Climate denial is not the problem

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The idea that climate justice activists should spend time fighting misinformation about climate change may actually be counterproductive to the overall movement considering not many people actively deny climate change.  Photo by    Markus Spiske    on    Unsplash

The idea that climate justice activists should spend time fighting misinformation about climate change may actually be counterproductive to the overall movement considering not many people actively deny climate change. Photo by Markus Spiske on Unsplash

There is an idea currently popular in liberal media that a large portion of the country denies climate change and uses its electoral influence to prevent environmentally friendly politicians from coming to office. This line of thinking is both ignorant and unproductive. By pointing the finger at an imaginary group of uneducated working class people, we both ignore systemic causes of these issues and the real sources of power in this country.  

Eight out of 10 Americans believe in human-caused climate change, half believe that radical action is necessary to combat it and four out of 10 describe it as a “crisis.” This majority of America, who believes that combating climate change is necessary, is not affecting our government because it is not elected democratically.  

The very notion that climate denial is an important problem implies that majorities in the United States have a consequential effect on policy outcomes. Majorities, such as the majority believing in climate change, are actually silenced because our government is not a democracy, nor a democratic republic. The United States is an oligarchy where a small number of very wealthy people enforce their decisions about the government and economy through violence and coercion.  

These wealthy control fossil fuel companies and design public education curriculums. They control the multinational media corporations which inform the populace, and they control a completely backwards and undemocratic political system which above all else prioritizes their wealth in elections. Surprise! The wealthy control everything. These people have every single incentive and ability to limit our belief that climate change is real, to mis-appropriate blame onto the working class and ultimately to prevent us from changing anything.  

These wealthy people are not deniers. The largest fossil fuel companies have hidden knowledge about the disastrous effects of climate change for decades.The Trump administration, an important denier in the minds of liberals, has predicted certain extinction in the following century as a result of carbon emissions. Most importantly, billions upon billions of dollars have been spent by the wealthy trying to convince as many people as possible that climate change is fake. ExxonMobil, Royal Dutch Shell, Chevron, BP and Total alone spent over one billion dollars of shareholder funds in just three years following the Paris Agreement on climate denial propaganda and lobbying. These people, not the poor working class, are those with a monopoly over the resources required to shift away from fossil fuels and save the environment. They deny nothing.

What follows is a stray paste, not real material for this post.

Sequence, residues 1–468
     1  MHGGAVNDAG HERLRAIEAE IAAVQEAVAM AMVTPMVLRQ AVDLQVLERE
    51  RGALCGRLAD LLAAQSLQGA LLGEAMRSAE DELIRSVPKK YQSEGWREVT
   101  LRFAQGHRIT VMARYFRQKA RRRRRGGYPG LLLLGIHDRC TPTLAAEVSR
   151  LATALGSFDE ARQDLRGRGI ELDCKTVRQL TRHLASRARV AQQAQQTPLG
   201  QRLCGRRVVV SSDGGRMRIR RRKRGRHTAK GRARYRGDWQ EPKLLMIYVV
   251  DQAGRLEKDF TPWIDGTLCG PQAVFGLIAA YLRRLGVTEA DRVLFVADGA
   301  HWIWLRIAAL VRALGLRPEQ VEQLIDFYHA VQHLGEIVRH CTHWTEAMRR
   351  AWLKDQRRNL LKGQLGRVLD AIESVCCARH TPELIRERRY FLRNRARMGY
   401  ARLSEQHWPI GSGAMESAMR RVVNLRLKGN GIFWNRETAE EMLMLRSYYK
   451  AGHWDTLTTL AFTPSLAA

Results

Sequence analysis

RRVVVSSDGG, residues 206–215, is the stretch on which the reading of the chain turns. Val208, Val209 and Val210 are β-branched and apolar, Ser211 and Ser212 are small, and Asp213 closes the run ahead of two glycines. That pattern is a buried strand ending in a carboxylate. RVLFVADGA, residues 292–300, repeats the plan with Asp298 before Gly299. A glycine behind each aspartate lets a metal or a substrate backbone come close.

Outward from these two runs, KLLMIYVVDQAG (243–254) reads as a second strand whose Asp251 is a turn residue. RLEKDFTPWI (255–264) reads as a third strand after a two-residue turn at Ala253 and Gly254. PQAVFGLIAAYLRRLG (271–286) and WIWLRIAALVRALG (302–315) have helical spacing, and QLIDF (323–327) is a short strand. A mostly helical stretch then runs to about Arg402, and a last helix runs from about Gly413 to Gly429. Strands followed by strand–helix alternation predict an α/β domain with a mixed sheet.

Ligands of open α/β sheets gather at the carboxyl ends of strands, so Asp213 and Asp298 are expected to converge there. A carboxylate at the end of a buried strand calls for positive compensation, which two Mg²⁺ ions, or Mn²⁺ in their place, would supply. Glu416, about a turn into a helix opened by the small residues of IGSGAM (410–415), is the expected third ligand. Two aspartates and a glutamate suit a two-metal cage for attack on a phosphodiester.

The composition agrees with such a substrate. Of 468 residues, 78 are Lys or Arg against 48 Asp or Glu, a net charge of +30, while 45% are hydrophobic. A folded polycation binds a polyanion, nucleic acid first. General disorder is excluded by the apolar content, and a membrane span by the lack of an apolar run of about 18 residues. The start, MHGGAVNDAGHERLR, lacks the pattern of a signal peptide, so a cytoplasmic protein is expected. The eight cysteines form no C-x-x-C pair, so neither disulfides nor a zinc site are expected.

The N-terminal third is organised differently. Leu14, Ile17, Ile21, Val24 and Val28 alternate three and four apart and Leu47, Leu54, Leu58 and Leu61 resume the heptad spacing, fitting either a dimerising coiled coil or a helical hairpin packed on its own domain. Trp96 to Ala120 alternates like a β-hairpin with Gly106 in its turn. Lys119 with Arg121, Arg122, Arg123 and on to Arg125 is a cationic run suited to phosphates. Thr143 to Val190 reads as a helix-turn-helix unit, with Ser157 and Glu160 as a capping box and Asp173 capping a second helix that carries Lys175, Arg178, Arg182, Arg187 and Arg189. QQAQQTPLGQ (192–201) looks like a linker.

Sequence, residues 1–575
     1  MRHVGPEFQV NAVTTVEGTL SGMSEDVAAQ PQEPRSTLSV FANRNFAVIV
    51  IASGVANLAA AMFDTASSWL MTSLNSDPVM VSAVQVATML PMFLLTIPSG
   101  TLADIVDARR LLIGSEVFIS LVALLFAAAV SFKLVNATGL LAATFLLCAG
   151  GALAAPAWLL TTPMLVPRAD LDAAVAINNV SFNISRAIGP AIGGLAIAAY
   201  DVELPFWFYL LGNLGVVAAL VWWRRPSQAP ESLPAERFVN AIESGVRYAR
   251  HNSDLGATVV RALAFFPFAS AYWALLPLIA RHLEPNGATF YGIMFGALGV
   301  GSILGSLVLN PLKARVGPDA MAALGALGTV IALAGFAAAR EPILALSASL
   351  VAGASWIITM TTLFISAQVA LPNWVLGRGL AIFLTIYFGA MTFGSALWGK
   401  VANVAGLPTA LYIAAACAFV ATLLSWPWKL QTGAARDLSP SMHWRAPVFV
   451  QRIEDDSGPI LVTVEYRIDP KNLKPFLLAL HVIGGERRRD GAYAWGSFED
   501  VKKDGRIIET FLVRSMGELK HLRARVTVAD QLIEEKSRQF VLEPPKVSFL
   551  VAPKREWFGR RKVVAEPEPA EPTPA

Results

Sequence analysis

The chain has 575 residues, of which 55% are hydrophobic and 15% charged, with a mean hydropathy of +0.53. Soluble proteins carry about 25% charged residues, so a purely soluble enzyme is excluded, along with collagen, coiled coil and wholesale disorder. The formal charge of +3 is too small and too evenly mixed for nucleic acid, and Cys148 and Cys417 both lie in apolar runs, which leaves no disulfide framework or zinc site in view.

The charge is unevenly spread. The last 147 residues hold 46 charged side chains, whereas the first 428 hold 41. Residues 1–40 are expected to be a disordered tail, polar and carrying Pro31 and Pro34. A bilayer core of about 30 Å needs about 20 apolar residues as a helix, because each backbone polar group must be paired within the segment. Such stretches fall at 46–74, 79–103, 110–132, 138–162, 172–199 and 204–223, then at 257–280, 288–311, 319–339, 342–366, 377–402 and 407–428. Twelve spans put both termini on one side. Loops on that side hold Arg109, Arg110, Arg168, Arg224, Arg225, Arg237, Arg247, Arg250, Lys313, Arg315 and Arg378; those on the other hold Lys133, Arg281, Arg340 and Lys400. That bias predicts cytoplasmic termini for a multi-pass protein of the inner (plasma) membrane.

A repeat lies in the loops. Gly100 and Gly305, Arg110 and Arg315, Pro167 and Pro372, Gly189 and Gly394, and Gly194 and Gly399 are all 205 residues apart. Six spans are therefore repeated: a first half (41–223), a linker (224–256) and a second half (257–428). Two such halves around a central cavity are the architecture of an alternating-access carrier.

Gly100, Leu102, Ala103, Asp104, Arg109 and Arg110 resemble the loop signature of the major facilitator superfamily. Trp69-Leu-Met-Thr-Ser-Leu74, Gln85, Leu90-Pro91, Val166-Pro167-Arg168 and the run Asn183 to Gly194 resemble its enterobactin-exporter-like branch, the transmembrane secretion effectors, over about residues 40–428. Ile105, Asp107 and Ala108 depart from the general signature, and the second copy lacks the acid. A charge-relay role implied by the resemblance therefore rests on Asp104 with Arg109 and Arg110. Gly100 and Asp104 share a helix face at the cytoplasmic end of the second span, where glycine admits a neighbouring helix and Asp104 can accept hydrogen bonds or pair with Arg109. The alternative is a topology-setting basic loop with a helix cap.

Focusing the blame on those uneducated few who deny climate change further ignores our own failings to address the causes of environmental destruction. We, the majority who demand action on climate change, still collectively allow these flawed and undemocratic political systems to represent us, even with extinction in the headlights. We go to work, vote and complain about Trump in a completely nondisruptive manner which assumes that our existing institutions will somehow deliver us justice and save us from environmental destruction. Spoiler alert: They won’t. 

There is an important discussion to be had about whether or not the workers of the world are willing to trade material comforts for environmental justice. But that discussion cannot begin until there is economic and political democracy, free from mass marketing and propaganda in favor of consumerism and against environmentalism.  

We cannot make meaningful, democratic electoral decisions. But we can decide not to participate in undemocratic elections. We can decide to voice our dissatisfaction in ways more impactful than complaints and votes. Most importantly, through mass organization we can decide to withhold the labor which the wealthy use to destroy the environment and to maintain their power over us. Extra-systemic direct action offers the only approach to systems designed to control us. To break free from our impending extinction, we must break free from the ideology of the status quo: that we are too ignorant to understand when our own livelihoods are at stake, and that we cannot see beyond compromised political systems.  


Harrison Raskin is campus correspondent for The Daily Campus. He can be reached via email at harrison.raskin@uconn.edu.

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